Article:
Rachel Griffiths makes her directorial debut with this true story of the first female jockey to win the Melbourne Cup

Ride Like A Girl

Source: Transmission

‘Ride Like A Girl’

Dir. Rachel Griffiths. Australia. 2019. 98mins

When Michelle Payne became the first female jockey to win the Melbourne Cup in the Australian event’s 150-year-plus history, she overcame 100-to-one odds, debilitating injuries, an array of naysayers and the sport’s clear gender gap. Dramatising this trailblazing feat, actress Rachel Griffiths makes her feature directorial debut with this innately inspirational tale, coaxing a determined performance out of Teresa Palmer as the star racer. But, for a film so tied to a thoroughbred showcase, this broad crowd-pleaser blatantly relies on well-worn parts.

Ride Like a Girl is engineered to generate a feel-good mood

Spanning two miles and considered the world’s richest race of its type, the Melbourne Cup has long been dubbed ‘the race that stops the nation’. Despite its undemanding nature, this underdog story could earn a comparable nickname at the Australian box office. The fact that Payne’s victory happened a mere four years ago should aid the feature’s fortunes considerably, as should its release just as 2019’s racing season begins. All of the above won’t make a difference beyond home turf, of course, where Ride Like a Girl will likely meander rather than gallop.

Almost as sweet as a sugar cube, this is a glossily shot, matinee-friendly celebration of Payne’s against-the-odds achievement that cursorily glances at, rather than meaningfully explores, horse racing’s complex realities. This might not be the place to interrogate the controversial industry – and was never going to be with a government racing department, a state racing authority and a betting agency among the feature’s backers – but, even with Payne’s plight as a woman in a vastly male-dominated realm repeatedly thrust to the fore, the film remains general and formulaic.

Scripted by Andrew Knight (Ali’s Wedding) and Elise McCredie (forthcoming Cate Blanchett-led TV series Stateless), Ride Like a Girl runs a course that any viewer can easily foresee — even those unfamiliar with Payne’s winning trot. Bookended by footage of the real figure, first as a child and later after her big feat, the film initially paints a portrait of a plucky young girl (Summer North) with nine similarly horse-mad older siblings, as well as a widower and veteran trainer (Sam Neill, in stern, stubborn but wise mode) for a father. Then, hitting all of the expected beats from tragedy to triumph, it follows her path from spirited slip of a kid, to single-minded racing aspirant pushing her way through the ranks, to hopping on a mount called Prince of Penzance and conquering the event she’d been told that she’d never get to enter.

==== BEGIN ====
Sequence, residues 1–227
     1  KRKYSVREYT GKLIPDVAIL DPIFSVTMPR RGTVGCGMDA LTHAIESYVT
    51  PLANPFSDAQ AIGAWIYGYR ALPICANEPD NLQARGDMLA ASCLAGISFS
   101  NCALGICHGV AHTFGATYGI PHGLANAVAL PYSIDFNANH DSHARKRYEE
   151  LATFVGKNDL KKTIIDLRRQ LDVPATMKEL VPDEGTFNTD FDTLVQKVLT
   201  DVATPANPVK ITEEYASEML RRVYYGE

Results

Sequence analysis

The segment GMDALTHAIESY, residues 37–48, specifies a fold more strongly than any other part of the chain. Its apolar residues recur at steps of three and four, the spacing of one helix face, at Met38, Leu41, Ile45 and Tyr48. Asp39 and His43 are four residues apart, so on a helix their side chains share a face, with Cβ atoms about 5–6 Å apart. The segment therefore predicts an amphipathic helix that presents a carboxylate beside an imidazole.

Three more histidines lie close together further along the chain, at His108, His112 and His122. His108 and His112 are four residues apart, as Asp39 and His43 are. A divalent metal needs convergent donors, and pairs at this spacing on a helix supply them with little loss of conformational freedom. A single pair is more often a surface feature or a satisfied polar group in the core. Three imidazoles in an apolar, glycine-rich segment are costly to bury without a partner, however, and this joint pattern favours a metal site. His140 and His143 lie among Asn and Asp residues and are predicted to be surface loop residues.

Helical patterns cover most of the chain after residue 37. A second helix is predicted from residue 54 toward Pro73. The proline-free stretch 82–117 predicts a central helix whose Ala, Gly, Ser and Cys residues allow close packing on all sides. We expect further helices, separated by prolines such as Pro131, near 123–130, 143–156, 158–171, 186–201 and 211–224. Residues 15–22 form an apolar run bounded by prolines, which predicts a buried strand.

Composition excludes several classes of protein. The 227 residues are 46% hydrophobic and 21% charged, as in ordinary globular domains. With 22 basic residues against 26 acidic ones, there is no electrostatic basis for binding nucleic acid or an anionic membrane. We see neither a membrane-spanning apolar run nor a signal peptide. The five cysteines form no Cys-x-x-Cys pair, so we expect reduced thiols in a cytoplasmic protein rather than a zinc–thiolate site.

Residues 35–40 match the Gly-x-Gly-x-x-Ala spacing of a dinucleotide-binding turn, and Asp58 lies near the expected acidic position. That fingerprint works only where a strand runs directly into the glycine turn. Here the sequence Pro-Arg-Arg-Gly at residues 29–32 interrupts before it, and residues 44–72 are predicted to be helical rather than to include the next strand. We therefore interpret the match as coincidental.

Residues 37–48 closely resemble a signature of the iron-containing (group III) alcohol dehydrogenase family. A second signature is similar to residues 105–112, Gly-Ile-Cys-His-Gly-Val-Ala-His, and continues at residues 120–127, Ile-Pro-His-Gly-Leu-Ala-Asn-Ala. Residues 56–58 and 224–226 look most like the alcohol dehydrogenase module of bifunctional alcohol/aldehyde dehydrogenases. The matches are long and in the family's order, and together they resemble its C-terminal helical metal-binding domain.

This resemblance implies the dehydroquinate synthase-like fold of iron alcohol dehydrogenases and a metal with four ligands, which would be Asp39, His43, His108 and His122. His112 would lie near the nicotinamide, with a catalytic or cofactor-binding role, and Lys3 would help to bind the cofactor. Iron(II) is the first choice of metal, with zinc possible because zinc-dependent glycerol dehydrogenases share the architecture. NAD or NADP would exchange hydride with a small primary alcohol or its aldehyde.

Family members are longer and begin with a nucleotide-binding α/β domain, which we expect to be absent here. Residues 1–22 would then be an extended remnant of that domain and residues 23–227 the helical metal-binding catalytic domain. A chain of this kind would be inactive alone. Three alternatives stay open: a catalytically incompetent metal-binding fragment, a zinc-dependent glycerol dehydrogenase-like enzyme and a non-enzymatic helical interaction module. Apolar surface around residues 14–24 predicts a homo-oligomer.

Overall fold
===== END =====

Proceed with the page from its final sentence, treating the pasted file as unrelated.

Astute at choosing on-screen roles since Muriel’s Wedding brought her to fame 25 years ago, Griffiths seems in uncharacteristically safe territory here. More than that, she seems happy to be there. Cloaked in warm hues by cinematographer Martin McGrath (who also shot Muriel’s Wedding), and breezily edited by Jill Bilcock and Maria Papoutsis, Ride Like a Girl is engineered to generate a feel-good mood — whether surveying the Payne family farm, recreating the hustle-and-bustle of many a race, or plunging into the frenetic finale.

While tasking Palmer with playing Payne both as a teen and an adult isn’t Griffiths’ best choice, the same can’t be said for the Berlin Syndrome and Hacksaw Ridge star’s involvement overall. Hers is a quietly steely, resolutely unfussy performance, conveying the tenacious demeanour that keeps her character chasing her dream despite her many setbacks. Indeed, there’s a matter-of-fact air to Palmer’s portrayal, and one that the movie desperately needs. Griffiths’ other big casting decision, enlisting Payne’s actual brother Stevie as himself, also pays off, with the first-time actor an earnest and authentic antidote to the overt heartstring-pulling elsewhere.

Production companies: 100 to 1 Films, The Film Company

International sales: Embankment Films, info@embankmentfilms.com

Producers: Richard Keddie, Susie Montague, Rachel Griffiths

Screenwriters: Andrew Knight, Elise McCredie

Cinematography: Martin McGrath

Editors: Maria Papoutsis, Jill Bilcock

Production design: Carrie Kennedy

Music: David Hirschfelder

Cast: Teresa Palmer, Sam Neill, Sullivan Stapleton, Stevie Payne, Genevieve Morris, Magda Szubanski